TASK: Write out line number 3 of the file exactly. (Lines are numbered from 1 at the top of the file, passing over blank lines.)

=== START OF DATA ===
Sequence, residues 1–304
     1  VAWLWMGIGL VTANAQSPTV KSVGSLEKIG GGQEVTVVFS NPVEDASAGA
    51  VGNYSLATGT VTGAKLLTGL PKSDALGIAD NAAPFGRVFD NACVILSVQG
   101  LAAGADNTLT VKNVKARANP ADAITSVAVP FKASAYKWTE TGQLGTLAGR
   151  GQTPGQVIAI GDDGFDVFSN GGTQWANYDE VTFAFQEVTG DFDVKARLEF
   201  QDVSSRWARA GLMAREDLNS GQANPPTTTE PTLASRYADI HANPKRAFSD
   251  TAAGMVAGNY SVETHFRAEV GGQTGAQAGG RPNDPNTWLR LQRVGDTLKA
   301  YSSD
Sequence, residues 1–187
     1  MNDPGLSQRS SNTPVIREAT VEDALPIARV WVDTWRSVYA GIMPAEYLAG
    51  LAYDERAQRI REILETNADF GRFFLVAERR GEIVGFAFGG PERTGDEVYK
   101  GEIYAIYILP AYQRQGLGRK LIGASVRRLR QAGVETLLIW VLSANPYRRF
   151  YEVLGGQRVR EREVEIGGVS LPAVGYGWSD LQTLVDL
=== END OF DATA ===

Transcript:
    51  VGNYSLATGT VTGAKLLTGL PKSDALGIAD NAAPFGRVFD NACVILSVQG